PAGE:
In 2005, a federal court ruled that ID is a religious belief and that teaching ID violates the Establishment Clause of the US Constitution.Yet school boards and state legislators from Minnesota to South Carolina to Kansas have heard about ID and want to introduce the notion that evolution is disputed and does not answer "all of our questions" or that ID can answer questions of origin that evolution cannot.Despite past court decisions (and all the scientific evidence), the public debate will continue because it is neither a legal nor a scientific one.

We live in a political environment in which "the people" will ultimately make decisions about curriculum — either through school boards or electing officials — including the officials who appoint state and federal judges. Therefore, the scientific community must engage in the public dialog to make it clear that policies promoting criticism of evolution or the teaching of ID will not help us to achieve our goals of liberty and prosperity. For example, Margaret Spelling, Secretary of Education under President George W Bush, emphasized the administration's contention that US ability in math and science is not up to par with the rest of the developed world — leading the administration to fund "an ambitious program intended to boost the quality of math and science instruction in the nation's schools"(Murray 2006).People do not need to understand all the arguments relevant to evolution to understand that diluting the science curriculum with ID is simply not compatible with this goal.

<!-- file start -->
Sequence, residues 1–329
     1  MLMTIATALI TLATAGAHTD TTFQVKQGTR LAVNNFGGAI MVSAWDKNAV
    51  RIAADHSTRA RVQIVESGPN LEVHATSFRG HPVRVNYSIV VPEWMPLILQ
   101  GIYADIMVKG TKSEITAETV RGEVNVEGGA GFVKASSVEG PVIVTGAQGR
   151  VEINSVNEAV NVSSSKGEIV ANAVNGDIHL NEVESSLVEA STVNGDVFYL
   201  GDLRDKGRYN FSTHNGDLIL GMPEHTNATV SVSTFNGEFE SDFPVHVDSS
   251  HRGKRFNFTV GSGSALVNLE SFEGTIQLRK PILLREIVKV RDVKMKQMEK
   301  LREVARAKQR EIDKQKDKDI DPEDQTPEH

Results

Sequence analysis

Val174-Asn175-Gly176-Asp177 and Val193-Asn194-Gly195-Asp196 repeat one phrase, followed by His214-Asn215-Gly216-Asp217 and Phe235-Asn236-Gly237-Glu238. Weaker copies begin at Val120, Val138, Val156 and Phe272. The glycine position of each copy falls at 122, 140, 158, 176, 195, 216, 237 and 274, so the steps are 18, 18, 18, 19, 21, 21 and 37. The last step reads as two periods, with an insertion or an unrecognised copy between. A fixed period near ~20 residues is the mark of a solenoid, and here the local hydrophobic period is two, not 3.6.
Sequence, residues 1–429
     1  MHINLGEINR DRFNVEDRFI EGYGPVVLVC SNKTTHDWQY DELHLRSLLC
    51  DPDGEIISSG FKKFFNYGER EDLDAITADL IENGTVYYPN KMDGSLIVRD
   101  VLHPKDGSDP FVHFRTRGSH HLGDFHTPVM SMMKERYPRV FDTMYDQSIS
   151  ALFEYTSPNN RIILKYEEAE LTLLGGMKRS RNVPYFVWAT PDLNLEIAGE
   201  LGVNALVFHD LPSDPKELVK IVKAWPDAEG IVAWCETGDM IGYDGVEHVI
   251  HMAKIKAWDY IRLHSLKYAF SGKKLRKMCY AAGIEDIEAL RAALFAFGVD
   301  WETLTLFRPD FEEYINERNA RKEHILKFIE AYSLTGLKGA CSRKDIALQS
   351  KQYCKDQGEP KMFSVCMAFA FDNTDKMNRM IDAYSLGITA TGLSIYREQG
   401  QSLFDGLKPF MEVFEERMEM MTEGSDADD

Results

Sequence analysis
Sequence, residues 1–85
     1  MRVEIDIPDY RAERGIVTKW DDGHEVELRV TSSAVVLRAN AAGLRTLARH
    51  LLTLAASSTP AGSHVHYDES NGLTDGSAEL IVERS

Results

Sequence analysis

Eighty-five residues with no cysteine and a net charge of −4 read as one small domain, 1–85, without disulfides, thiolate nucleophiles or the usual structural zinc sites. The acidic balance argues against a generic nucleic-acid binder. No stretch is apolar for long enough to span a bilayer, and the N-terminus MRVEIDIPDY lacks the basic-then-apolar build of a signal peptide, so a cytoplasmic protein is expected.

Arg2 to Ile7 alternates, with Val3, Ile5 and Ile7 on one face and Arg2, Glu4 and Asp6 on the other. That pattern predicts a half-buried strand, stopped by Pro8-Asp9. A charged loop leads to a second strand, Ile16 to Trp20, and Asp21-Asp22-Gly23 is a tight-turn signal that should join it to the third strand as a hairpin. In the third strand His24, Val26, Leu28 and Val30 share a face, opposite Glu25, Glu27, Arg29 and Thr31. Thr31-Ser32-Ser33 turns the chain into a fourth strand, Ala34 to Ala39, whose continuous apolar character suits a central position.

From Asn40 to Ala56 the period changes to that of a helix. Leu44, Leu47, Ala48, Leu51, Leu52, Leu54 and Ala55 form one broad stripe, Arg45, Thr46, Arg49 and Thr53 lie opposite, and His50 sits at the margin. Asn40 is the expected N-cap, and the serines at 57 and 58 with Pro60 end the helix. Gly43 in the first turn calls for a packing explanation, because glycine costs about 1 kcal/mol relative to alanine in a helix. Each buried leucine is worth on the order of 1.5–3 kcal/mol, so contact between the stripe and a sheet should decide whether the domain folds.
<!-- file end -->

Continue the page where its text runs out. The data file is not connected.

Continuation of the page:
Distorting science education to match the religious worldview of a small part of the population does a disservice to our democracy and our country in its global economic pursuits, ill equipping students to participate in the scientific world economy that is seen as key to our national interests and prosperity.However, the remedy for the attack on evolutionary science is not more pronouncements from on high (for example, the National Academy of Sciences 1998 — or other professional or even religious organizations), it is engagement in the democratic process that shapes the science education that our public school provides. This is a strategy that anti-evolutionists have understood and mastered.


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About the Author(s): 

Rebecca P Lewis
Education Development Center, Inc
55 Chapel Street
Newton MA 02458-1060

Rebecca Lewis is a doctoral candidate in Curriculum and Instruction at the Lynch School of Education at Boston College. A former science and mathematics teacher with an undergraduate degree in horticultural science and a master's degree in teaching biology, Lewis now works on curriculum development and teacher professional development projects at Education Development Center, Inc.